Sri Brahmachaithanya Pravachan-April 17

April 17, 2009
Saints Remind us that We Belong to God

When doing anything, the purpose for which we do it is clearly in the mind. Similarly, while meditating on nama we should ever be alive to the object of doing it. To remember at all times that we really belong to God, and neither to the body nor to sensual, worldly matters, is to maintain His awareness constantly. We actually belong to Him, but lapse into the illusion that we are of the palpable world. The saints reawaken us to the reality, and this, indeed, is their true mission. The panacea they prescribe is meditating on nama, which, in effect, is a persistent reminder that we belong to God and not to worldly pleasures.
You say that you want to see Rama, but how would you recognize Him even if He were to present Himself to you? To that purpose, you must annihilate the present distance between Him and yourself, and must be able to identify Him. This needs absolute purity of heart, that is, of feeling. One may perform different types of devotional disciplines and exercises, but they will all come to nought in the absence of genuine, loving devotion for Him. These disciplines will undoubtedly create devotion in course of time, but spiritual efforts performed with devotion will expedite the attainment of the goal. Of the nine kinds of devotional-disciplines, complete dedication is the simplest and the most important. If we completely surrender ourselves to God, whatever we do automatically gets dedicated to Him.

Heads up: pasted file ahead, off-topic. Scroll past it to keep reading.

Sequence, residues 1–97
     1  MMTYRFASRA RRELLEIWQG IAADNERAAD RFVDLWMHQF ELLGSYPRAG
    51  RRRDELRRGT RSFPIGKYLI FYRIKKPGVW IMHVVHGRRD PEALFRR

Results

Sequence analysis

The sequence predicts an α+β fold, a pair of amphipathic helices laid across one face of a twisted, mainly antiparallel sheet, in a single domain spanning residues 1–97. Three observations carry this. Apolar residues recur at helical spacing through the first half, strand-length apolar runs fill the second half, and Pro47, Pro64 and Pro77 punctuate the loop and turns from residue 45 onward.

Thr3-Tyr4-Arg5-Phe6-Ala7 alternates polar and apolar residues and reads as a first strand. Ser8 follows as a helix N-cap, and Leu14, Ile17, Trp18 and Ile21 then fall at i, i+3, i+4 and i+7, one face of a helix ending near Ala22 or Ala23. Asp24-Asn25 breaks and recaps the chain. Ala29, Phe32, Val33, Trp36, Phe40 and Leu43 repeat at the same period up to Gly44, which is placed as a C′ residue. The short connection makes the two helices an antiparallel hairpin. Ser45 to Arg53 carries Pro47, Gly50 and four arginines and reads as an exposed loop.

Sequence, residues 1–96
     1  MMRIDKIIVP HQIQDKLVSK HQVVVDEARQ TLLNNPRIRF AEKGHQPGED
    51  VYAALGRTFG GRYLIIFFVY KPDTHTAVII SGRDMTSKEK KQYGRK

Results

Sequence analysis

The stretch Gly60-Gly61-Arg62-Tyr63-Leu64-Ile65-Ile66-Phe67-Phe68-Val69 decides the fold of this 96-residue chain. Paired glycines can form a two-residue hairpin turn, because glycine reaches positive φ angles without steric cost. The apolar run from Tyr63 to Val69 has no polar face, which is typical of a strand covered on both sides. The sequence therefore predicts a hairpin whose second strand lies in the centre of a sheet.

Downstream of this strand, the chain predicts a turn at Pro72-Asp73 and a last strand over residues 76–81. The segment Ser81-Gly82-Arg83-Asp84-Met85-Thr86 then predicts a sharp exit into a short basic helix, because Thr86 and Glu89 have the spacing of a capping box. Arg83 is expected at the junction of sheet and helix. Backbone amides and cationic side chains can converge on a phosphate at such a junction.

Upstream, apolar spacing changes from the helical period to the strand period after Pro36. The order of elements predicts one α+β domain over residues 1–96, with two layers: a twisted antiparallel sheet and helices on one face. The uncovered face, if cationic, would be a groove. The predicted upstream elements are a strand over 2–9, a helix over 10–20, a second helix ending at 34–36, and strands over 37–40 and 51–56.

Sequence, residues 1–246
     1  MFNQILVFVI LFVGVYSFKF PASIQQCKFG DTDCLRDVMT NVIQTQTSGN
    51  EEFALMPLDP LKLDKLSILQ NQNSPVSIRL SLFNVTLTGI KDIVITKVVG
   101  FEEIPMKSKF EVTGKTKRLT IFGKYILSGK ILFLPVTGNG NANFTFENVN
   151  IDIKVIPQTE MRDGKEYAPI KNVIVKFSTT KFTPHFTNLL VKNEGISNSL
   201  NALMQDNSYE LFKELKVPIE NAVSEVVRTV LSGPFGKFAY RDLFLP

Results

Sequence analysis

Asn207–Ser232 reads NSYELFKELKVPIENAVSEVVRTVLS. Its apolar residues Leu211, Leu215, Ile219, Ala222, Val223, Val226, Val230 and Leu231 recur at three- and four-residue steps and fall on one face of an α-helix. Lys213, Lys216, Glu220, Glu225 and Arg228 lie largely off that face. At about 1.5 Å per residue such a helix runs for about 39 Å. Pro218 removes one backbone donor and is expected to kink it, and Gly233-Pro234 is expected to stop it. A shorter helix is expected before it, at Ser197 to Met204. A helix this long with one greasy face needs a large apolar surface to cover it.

It is necessary for everyone to see wherein lies his weal. Others can advise about the path, but it is upto the person himself to act. The real cause of our “bondage” is not the environment but our own mental attitude. It is only nama that can be practised irrespective of time, state, or circumstances. To be able to preserve one’s contentment under any condition is really God’s total grace.
By devout contemplation of God one automatically acquires occult powers which, however, are considered despicable. So we should meditate on God, but ignore these powers and never use them. Our meditation should be for God’s sake only, without adulteration by desire. The saints never put their powers to use; being merged in the Supreme Being, they completely resign everything to Its will. When they do appear to be performing miracles, they are only prompted by that Supreme Being.
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